Nico Voigtländer

UCLA Anderson Dean’s Term Chair in Management; Professor of Global Economics and Management

About

Nico Voigtländer’s main areas of research include long-run economic growth, political economy and economic history. His most recent projects focus on the transition from stagnation to growth and why this structural break occurred first in Europe. He has also co-authored seminal contributions addressing the deep roots of anti-Semitism and on the rise of Nazi Germany.

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8 Articles

A portrait of King Charles II of Spain. The image depicts the king's Habsburg Jaw. Research Brief / Leadership

Leadership Matters: Countries Suffered Under Poor Quality Monarchs

Measuring inbreeding allows study to isolate rulers from circumstances

View of an empty office building Research Brief / Workplace

Work From Home: Adjustments Still to Come?

The history of industrial transformation suggests more gradual change

Industrial looms Research Brief / Productivity

Amid Technology Boom, Where Are Productivity Gains?

19th-century French cotton mills suggest halting, uneven progress

Forklift in a warehouse Research Brief / Manufacturing

When Manufacturers Commence Exporting, They Become More Efficient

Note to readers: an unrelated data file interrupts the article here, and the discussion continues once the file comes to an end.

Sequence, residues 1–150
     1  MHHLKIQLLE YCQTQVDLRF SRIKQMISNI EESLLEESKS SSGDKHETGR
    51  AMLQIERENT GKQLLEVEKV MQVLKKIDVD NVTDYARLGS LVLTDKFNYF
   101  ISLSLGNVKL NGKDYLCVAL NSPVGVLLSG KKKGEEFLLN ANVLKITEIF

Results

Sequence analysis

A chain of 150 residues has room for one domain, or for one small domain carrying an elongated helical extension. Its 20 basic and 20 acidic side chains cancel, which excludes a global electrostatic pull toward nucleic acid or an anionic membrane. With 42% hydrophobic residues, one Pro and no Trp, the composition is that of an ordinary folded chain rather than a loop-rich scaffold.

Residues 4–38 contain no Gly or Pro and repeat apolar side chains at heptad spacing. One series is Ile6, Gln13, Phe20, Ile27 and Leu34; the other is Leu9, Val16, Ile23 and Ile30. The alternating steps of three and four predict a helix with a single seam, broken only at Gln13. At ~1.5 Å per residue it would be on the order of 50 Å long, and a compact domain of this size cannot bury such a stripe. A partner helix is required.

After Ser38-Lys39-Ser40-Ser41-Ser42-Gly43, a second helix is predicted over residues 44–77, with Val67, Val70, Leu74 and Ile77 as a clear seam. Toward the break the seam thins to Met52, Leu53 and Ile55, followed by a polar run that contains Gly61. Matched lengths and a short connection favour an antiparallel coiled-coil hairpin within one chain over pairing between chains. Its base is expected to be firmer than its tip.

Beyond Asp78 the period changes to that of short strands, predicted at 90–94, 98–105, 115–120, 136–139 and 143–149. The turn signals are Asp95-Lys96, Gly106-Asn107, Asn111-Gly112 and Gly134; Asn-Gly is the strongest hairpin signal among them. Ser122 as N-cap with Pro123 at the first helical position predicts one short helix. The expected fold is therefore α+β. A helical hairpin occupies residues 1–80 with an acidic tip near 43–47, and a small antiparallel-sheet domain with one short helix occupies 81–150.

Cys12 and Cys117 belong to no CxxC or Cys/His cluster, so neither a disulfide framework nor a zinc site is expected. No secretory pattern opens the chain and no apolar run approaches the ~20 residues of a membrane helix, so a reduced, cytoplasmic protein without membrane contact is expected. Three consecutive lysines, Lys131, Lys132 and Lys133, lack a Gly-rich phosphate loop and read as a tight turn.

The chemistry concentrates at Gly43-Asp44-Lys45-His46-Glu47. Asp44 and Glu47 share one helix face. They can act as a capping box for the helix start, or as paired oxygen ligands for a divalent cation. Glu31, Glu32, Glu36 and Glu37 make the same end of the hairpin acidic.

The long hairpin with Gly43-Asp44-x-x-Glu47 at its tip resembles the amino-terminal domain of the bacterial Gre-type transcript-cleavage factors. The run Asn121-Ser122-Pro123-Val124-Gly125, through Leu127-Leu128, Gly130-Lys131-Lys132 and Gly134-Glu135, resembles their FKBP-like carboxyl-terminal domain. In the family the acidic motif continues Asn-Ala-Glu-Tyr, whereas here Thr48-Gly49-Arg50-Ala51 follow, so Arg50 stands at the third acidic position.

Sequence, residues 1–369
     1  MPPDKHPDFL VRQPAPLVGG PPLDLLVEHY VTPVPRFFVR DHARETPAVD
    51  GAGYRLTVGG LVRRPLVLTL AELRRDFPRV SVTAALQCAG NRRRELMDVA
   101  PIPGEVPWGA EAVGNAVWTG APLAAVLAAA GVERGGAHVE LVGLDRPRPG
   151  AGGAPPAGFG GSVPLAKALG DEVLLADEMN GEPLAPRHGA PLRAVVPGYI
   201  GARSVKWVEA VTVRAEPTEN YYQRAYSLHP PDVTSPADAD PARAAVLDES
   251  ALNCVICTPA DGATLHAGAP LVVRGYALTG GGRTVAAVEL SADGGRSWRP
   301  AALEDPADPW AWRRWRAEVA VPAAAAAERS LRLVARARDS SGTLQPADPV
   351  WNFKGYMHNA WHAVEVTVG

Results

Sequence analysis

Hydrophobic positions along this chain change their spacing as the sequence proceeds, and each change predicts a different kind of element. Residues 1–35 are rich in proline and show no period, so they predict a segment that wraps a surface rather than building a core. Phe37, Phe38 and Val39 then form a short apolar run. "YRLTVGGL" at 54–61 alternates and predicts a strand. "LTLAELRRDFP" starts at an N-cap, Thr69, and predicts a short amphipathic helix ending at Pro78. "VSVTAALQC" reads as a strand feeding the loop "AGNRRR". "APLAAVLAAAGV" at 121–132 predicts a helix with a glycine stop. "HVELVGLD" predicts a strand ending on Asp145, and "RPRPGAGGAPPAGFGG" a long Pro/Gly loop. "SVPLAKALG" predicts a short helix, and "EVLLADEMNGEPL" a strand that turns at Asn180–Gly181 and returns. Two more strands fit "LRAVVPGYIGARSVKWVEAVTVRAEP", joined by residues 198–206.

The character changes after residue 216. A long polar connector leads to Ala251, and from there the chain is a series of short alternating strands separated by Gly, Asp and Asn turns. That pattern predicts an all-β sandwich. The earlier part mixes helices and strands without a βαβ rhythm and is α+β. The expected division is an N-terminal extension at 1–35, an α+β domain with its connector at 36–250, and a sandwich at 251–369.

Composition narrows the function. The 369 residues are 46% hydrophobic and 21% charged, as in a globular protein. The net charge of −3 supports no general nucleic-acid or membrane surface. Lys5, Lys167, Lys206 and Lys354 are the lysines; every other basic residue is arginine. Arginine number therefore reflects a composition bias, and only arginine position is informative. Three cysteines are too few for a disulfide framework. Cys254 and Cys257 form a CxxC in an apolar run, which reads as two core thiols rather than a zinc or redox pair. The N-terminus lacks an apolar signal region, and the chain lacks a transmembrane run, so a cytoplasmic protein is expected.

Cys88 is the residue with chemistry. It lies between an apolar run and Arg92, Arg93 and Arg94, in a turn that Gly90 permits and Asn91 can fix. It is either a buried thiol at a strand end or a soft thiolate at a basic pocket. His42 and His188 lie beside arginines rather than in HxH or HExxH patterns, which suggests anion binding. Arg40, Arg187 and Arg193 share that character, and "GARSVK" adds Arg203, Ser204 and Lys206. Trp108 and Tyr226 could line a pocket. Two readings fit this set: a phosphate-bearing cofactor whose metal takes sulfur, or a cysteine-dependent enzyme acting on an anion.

Looking at costs, in a sample of 5,000 plants in Chile, remarkable productivity gains occur

Illustration map of Central Poland and surrounding countries Research Brief / Cultural History

Descendants of Forced Migrants Value Education More Highly

Post-World War II Poland provides a unique setting to study mobility and success

Illustration of a map Research Brief / Cultural History

How Local Governance Came to England’s Economy

Nico Voigtländer found that to combat arbitrary taxes and corruption, merchants persuaded the king to cede control

Illustration of a guillotine Research Brief / Cultural History

Beyond Angry Mobs: Intellectuals in the French Revolution

History’s Encyclopédie subscribers are matched to grievances against the monarchy

Monochrome photo of soldiers marching Research Brief / Cultural History

Bowling for Fascism: Exploring the Dark Side of Social Capital

In pre-World War II Germany, sports clubs became a vehicle to spread Nazism